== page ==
She was a bit on the extreme end, but something nevertheless that Jenn and I have witnessed to one degree or another with nearly all of the adopted kids we've seen, including Henry (and we'd say all of the kids around whom we've spent more than an hour). In fact, while we're not yet adoptive parenting experts (tune in next week... har!), we can certainly understand how adopted kids can grow into spoiled brats if their parents aren't very consciously staying on top of things. It's as though they leave the orphanage and become exposed to new people that want to shower them with love and attention, and they don't know how to respond. It takes them very little time to display a sense of entitlement, and then it's just a short leap to very manipulative behavior. We've seen it in our own hotel room. We're not sure if the shower of love they experience in such a short time is overwhelming for them, or if their little neuropathways aren't hardwired to deal with the new emotions that they're feeling, but we've personally witnessed this entitlement-mentality and manipulative behavior on so many occasions that it's our current working theory.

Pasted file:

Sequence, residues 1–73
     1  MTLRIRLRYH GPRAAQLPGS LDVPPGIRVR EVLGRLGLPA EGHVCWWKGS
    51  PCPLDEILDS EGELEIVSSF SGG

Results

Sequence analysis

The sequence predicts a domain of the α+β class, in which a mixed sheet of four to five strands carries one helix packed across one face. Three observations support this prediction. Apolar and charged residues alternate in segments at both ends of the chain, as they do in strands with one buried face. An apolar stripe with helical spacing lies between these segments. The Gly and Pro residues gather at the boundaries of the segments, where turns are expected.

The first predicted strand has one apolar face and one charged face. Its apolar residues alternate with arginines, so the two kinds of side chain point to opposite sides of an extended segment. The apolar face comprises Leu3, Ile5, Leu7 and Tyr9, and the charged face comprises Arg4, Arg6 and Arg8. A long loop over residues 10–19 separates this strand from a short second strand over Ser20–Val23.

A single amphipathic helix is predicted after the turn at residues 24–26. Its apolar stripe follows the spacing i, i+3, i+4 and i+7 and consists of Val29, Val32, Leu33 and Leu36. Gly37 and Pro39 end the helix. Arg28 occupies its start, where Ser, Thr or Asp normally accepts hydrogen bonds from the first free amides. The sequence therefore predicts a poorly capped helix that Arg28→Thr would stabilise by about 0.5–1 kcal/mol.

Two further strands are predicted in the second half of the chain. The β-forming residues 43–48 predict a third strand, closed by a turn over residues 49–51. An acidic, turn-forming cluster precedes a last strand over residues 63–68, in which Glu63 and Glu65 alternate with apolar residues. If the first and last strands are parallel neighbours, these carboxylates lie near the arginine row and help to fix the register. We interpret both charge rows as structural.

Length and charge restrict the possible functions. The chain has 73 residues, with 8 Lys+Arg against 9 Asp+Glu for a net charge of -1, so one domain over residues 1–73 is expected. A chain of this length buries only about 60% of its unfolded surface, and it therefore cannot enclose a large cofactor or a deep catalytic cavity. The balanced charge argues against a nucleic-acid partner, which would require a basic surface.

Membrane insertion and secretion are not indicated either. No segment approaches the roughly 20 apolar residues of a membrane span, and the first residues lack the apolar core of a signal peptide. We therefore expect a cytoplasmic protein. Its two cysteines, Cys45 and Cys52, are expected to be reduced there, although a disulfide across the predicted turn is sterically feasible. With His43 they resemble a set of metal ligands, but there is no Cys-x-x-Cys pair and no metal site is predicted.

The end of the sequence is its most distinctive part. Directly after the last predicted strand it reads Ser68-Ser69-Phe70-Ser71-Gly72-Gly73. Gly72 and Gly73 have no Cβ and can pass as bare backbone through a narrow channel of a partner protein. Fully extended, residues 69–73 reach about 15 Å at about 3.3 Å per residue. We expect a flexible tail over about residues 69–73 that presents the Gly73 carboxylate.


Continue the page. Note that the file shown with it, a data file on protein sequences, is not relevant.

Again, if you've been keeping up with this little blog, you won't be surprised to see me draw an analogy to our own lives. How soon after we acknowledge that there is a God (who loves us whether we acknowledge that aspect of His character or not) do we start placing irrational or tedious demands upon Him rather than simply slowing down and experiencing His love? Even the God-deniers do this. Like these kids, we often think we know what our Father's love ought to look like, and when our circumstances don't meet our preconceived expectations, or when we hear Him say, "No," we freak out, or pout, or question His love for us.
In just eight days, there have been times when we've had to say, "No," to Henry or do something for/to him (such as give him a bath or change his diaper) and watch him fuss and whine and cry because of his lack of full knowlege of the depth of our love for him... and I imagine our Father has experienced this feeling a time or two throughout human history. But as Henry gets to know us, and as we get to know our Father, those seemingly uncomfortable or tough times will be seen less as a lack of love and more as a true manifestation of love in the big picture. Another lesson from adoption...
This morning after breakfast, most of our families took some taxis over to Shamian Island. That's where the White Swan hotel is with the Red Couch (Google it and see how many hits you get), but it's closed until 2014 for total renovation. That's why we're at The China Hotel. And while this hotel is very nice, and the staff has been nothing short of friendly and tolerant, we wish we were at the White Swan because Shamian Island is beautiful and a very nice place around which to take a stroll.
There's more paperwork on tap today as we prep for the Consulate appointment on Thursday. I think I'm now going to try and nap.